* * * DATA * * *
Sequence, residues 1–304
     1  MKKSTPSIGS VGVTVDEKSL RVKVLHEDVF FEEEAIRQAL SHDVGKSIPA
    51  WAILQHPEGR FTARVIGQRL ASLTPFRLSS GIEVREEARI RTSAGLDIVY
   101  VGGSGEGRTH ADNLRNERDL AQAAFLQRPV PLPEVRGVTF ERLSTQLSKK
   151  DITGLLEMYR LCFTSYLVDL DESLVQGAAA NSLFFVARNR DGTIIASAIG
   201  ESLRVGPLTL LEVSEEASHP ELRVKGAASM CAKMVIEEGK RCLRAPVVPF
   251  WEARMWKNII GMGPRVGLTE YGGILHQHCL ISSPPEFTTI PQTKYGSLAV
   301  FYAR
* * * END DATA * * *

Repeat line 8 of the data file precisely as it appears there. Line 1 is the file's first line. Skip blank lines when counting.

   301  FYAR